Digital, technology and care are three words that have become well acquainted over the past few years. We’ve watched the trio’s relationship blossom, develop and become part of our everyday lingo. The Government’s digital aspirations in People at the Heart of Care and Joined up Care: People, Places and Populations reinforce this relationship. The ambitions recognise the value that technology can bring to enhancing the quality of care through integration of health and social care systems, increased skills in the workforce, improved connectivity and the role of technology in prevention. The vision is built on the pandemic’s acceleration of digitisation in the sector and shows that technology will be integral to the future of care.

Some days we might feel part of this digital/technology/care relationship and on other days we feel like passive observers reading about them in a kiss-and-tell story. The journey to ‘be’ digital can feel a daunting voyage to embark on. Knowing where to start and how to navigate an ever-growing sea of new technology can feel overwhelming. Add to this a tide of wavering confidence that the solution is right for your organisation, staff and, at the heart, the people who you support. By taking a step back and boiling technology down to its very essence we can make the journey about three simple themes: people, problem solving and positive outcomes. Technology is anything that is an extension of the human body, it is just a ‘thing’ we use to do something or change something. Starting with people, understanding the problems and challenges they face will provide the solid foundation and direction to understand how technology can provide solutions to overcome them. This paves the way for a confident journey to digital transformation using technology that is fit-for-purpose and effective.

A Northstar guiding the way

Digital Social Care and the Care Software Provider Association (CASPA) have produced a northstar for digital transformation. The aim is to ensure that digital transformation leads to the joining up of health and care and, crucially, that this results in positive outcomes for those in receipt of care and their support teams. This is not only pertinent to Government ambition but instils confidence in a model of supplier and provider working towards the same outcomes. The northstar’s 5 principles provide a solid foundation for systems that are rolled out to the sector and emphasise that people should be at the centre of the design. My word count is not big enough to expand on all 5 principles (I recommend you head over to CASPA or Digital Social Care’s websites to see the full document) but I will be focusing on the northstar’s golden thread of people and co-design.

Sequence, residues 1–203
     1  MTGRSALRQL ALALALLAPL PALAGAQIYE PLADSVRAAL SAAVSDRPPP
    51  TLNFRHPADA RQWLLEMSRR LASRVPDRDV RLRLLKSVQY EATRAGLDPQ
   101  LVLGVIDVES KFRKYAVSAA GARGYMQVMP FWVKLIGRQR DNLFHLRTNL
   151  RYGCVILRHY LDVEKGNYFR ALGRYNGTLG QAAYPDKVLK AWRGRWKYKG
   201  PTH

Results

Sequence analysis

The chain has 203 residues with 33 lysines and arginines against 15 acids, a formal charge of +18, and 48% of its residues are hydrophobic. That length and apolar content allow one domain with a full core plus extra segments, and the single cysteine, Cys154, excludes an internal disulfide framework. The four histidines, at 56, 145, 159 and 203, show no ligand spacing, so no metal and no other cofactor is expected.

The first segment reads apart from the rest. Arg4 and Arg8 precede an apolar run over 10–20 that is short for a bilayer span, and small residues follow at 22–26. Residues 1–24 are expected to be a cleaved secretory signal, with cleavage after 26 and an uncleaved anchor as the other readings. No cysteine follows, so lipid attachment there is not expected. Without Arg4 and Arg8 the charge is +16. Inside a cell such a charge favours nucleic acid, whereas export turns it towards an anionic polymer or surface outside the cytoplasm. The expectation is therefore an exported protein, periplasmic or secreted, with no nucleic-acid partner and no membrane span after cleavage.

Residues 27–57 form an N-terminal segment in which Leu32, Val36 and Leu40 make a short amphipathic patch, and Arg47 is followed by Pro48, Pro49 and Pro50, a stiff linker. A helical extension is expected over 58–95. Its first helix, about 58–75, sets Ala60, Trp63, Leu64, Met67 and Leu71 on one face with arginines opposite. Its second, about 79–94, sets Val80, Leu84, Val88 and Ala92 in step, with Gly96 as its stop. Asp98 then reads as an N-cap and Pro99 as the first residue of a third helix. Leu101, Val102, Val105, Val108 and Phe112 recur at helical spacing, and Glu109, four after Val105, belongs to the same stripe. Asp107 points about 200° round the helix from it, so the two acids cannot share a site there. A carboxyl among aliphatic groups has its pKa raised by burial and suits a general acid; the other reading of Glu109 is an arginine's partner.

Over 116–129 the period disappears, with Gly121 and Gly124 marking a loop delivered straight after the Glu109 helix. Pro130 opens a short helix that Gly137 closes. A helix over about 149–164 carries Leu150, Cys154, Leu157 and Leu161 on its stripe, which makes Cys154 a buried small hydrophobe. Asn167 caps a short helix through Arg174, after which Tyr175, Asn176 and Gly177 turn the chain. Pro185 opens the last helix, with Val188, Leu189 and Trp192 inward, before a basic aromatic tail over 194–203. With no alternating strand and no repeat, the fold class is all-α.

Principle one calls for people to be at the heart of systems and processes. It reinforces those systems that are designed around people in receipt of care and the staff teams result in decisions that lead to better outcomes. So, how does this look in practice?

Monumental changes are happening in the world of connected digital health and social care information. Person Centred Software and Nourish have recently announced the news that Registered Managers and non-clinical staff can use their GP Connect integration to access a filtered HTML view of information held on GP systems. Previously access to this information was only available to authorised clinical staff. This access opens up the sharing and viewing of appointment information, GP records, medical notes and data between systems in real-time. The journey to reach this point involved a number of key players including the Digitising Social Care programme (part of a joint Department of Health and Social Care and NHS England and Improvement unit within the NHS Transformation Directorate), the needs of providers andsoftware suppliers.

Woven into the journey to reach this point is the benefits to the person in receipt of care. Widening access to this information places it in the hands of the people who deliver that care. People who can now be more responsive, can avoid duplication and can provide safer care with up-to-date health information. This is a common goal for software providers on the Assured Provider List, hosted on Digital Social Care. Currently, 7 suppliers have met the requirements for assurance and, alongside the 2 aforementioned systems, CareVision, Eclipse by OLM, iPlanit by Aspirico, Care Control Systems and Pass by EveryLIFE strive to develop their solutions to meet the diverse needs of social care providers.